8. WAHM’s Resources: If you’re in need of some helpful resources to get you up and running this site can give you some. You’ll find links to business opportunities, ideas, sources of funding, and even useful software.
  9. Mommy’s Helper Online: Looking for an idea for a work at home business? This site contains links to hundreds of possible businesses you can work at from your home.
  10. WAHM 2 WAHM: This site provides resources to moms who want to start working at home but aren’t sure where to start. Members of the site will get access to a searchable database of business opportunities to help them find legitimate and profitable work.
  11. My Mommy Biz: Here you’ll find a large number of resources just for moms working at home. There’s a message board, articles and tips, ebooks, and links to business ideas and openings.
  12. At Home Works.com: This site is dedicated to helping work at home moms find new business ideas and openings or learn to make money selling products on eBay.
  13. Mompreneurs Online: Mompreneurs is a site creating to helping mom-owned businesses succeed. Visitors to the site will find a marketplace, mentors, books, resources, and loads of other great things to help working moms be productive and happy in their pursuits.

Time Management

There are only so many hours in the day, so make the most of every one with these time management resources.

  1. 5 Minutes for Mom: Even the most dedicated mothers need some time for themselves for at least a few minutes a day. This blog has contests moms can win, tips for promoting your internet business and fun suggestions for projects.
  2. How to Avoid Wasting Time: This article from Internet Mumtrepreneurs can help moms to learn to make the most of every minute in their day. Get tips on planning, managing and organizing your day here.
  3. Secrets to Better Time Management: Everyone wishes they could make their waking hours more productive, especially working moms who never seem to have time to get everything done. This article discusses ways to make your tasks more efficient and to save you time.
  4. Time Management Junkie: Are you a mom who’s addicted to time management programs? This article is about how to break your addiction without ruining your work-life balance.
  5. Time Management Tips for WAHMs: This video gives overworked WAHMs some tips on making the most of their time in a humorous and short format.
  6. Work at Home Moms Get Organized Now: One killer of productivity is a messy office. This article will give readers some tips on organizing their office to make the most of work time each day.
  7. Get Organized: Creating a Paperless Office: This article will give moms tips on how they can reduce the amount of paper their office requires. It will take up less space and keep tiny hands from misplacing papers around the office.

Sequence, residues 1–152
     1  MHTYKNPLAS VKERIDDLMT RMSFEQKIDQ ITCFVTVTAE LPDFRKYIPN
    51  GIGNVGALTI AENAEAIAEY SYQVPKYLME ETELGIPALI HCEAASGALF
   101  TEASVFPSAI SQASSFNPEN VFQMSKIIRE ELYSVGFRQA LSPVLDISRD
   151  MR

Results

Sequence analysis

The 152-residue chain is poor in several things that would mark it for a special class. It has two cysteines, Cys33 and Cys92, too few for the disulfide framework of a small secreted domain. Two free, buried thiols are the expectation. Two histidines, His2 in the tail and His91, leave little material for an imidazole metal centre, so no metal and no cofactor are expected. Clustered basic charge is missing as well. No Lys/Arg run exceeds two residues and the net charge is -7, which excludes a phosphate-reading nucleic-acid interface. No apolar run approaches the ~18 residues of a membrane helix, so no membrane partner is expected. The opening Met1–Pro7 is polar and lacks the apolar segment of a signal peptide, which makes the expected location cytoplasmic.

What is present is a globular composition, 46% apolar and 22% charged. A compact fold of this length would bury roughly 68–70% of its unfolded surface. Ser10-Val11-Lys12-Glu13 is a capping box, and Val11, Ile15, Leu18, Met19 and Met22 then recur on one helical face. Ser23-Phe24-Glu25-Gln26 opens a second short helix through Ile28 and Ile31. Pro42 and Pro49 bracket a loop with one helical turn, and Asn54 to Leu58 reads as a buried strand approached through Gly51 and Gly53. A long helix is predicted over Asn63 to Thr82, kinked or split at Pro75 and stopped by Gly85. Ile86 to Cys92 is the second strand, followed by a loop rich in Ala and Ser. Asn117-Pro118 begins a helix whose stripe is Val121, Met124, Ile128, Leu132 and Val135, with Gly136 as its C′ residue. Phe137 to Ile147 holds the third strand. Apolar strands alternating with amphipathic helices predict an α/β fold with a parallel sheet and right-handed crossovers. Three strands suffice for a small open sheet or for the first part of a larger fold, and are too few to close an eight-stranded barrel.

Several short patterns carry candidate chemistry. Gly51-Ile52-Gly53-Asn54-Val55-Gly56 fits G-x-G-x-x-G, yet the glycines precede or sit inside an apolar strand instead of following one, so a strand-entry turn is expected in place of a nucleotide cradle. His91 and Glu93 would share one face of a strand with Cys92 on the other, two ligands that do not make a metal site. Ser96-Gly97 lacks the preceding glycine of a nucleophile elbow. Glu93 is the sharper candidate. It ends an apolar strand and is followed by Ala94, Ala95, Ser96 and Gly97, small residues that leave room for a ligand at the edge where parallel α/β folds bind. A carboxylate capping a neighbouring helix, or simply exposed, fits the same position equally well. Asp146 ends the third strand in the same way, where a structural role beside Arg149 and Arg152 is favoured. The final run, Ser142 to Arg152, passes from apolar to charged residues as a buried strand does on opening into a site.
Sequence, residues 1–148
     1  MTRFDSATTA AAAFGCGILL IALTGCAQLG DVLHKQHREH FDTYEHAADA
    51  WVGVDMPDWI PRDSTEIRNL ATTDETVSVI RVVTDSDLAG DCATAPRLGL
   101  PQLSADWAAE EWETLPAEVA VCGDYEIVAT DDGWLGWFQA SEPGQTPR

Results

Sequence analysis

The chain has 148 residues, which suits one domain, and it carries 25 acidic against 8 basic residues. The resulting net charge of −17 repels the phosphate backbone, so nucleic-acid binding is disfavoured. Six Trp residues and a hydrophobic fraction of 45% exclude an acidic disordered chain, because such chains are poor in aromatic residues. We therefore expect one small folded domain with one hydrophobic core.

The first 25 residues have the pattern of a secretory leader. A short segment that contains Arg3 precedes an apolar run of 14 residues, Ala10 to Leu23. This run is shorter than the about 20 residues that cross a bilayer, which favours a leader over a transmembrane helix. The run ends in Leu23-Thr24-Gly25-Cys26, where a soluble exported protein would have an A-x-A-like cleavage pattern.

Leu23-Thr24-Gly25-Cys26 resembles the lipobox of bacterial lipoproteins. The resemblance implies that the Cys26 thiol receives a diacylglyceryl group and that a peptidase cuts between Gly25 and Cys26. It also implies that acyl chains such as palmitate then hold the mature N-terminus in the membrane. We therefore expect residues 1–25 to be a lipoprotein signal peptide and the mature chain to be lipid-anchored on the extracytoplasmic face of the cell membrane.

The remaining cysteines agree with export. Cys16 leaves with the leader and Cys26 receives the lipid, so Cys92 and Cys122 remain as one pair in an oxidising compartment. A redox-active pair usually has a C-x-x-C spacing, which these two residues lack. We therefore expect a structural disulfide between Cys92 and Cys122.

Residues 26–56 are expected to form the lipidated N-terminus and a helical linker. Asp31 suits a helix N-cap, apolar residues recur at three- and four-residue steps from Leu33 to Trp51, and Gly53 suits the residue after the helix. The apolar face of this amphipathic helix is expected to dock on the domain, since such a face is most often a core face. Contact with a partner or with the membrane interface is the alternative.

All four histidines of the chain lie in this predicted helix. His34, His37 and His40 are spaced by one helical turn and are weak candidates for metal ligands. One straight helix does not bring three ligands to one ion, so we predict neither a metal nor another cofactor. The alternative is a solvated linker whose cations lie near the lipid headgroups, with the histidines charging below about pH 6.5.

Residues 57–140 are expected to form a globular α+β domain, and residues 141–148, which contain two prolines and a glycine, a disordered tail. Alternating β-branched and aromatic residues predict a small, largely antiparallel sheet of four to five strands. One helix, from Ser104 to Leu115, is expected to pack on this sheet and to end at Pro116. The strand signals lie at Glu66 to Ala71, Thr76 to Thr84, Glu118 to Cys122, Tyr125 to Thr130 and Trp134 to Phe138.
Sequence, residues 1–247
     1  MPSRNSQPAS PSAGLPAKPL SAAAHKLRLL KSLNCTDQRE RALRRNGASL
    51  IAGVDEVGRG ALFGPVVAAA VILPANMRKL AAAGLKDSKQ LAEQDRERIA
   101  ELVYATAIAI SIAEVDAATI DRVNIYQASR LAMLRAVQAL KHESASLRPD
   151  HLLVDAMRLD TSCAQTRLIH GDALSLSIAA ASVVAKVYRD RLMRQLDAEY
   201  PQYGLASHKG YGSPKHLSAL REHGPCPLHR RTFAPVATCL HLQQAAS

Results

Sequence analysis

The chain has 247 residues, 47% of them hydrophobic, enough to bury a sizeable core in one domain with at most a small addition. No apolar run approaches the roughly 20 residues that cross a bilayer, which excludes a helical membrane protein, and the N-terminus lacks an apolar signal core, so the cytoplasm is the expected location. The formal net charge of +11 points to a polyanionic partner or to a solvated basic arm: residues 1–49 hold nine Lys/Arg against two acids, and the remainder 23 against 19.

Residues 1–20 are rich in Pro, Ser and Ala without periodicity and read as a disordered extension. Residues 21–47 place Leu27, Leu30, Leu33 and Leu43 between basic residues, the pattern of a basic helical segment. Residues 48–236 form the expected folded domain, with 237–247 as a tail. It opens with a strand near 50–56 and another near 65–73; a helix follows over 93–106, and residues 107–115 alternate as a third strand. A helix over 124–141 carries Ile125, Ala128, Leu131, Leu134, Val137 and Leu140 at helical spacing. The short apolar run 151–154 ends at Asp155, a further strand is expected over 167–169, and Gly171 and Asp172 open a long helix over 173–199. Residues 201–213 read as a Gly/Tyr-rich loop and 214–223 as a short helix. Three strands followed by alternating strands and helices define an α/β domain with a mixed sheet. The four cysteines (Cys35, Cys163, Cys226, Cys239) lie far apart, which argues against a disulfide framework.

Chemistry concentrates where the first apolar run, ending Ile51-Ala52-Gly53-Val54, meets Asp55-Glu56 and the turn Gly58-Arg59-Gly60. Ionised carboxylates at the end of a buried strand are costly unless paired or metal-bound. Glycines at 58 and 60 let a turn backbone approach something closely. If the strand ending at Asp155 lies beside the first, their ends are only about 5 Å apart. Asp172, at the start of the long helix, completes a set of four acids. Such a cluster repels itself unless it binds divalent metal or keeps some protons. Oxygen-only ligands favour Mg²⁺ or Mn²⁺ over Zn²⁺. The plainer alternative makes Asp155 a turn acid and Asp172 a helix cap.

8. 8 Work at Home Time Management Strategies: With eight different strategies from Casual Keystrokes blog, there’s bound to be one that can help you balance your time more effectively.
  9. 10 Work at Home Productivity Tips: Here you’ll find tips on how to boost your productivity when working at home. From designing your space to setting up work hours these tips can help you make working at home less stressful.
  10. Scheduling Your Day for Maximum Work at Home Productivity: If you find yourself constantly multi-tasking or struggling to balance husbands, children and clients then take a look at this article. It gives helpful hints on how you can schedule your day to get the most from the hours you spend working.
  11. Measuring Productivity When You Work from Home: Unsure of what you’re really getting done each day? This article can help you measure your productivity while you’re working at home and see if it needs a little tweaking.
  12. 94 Ways to Keep Kids Busy for the Work at Home Parent: Keeping your kids occupied while you work on projects can be tough, by eMoms at Home have combined 94 suggestions for keeping them busy. Check this out next time you’re swamped.


Here are a variety of resources and links to help WAHMs.

  1. Work at Home Moms Talk Radio: Moms looking for a little inspiration can read about it on this site, but they can also listen to weekly podcasts. The show has interviews with other working moms, tips on staying healthy and positive and building a better business.
  2. Mom Inventors: Do you have great ideas for new products and services? This site can help you take your ideas from prototypes to the real deal with helpful advice on the inventing process.
  3. The WAHM Magazine: This online magazine can be a great place for WAHMs and WAHDs to find information on balancing work and home. Readers can subscribe to the bi-monthly publication to read articles designed to help them create a great work-at-home experience.
  4. Want to be a WAHM?: This site is dedicated to helping moms currently in the workforce or staying at home find work at home opportunities that will suit their needs and lifestyles.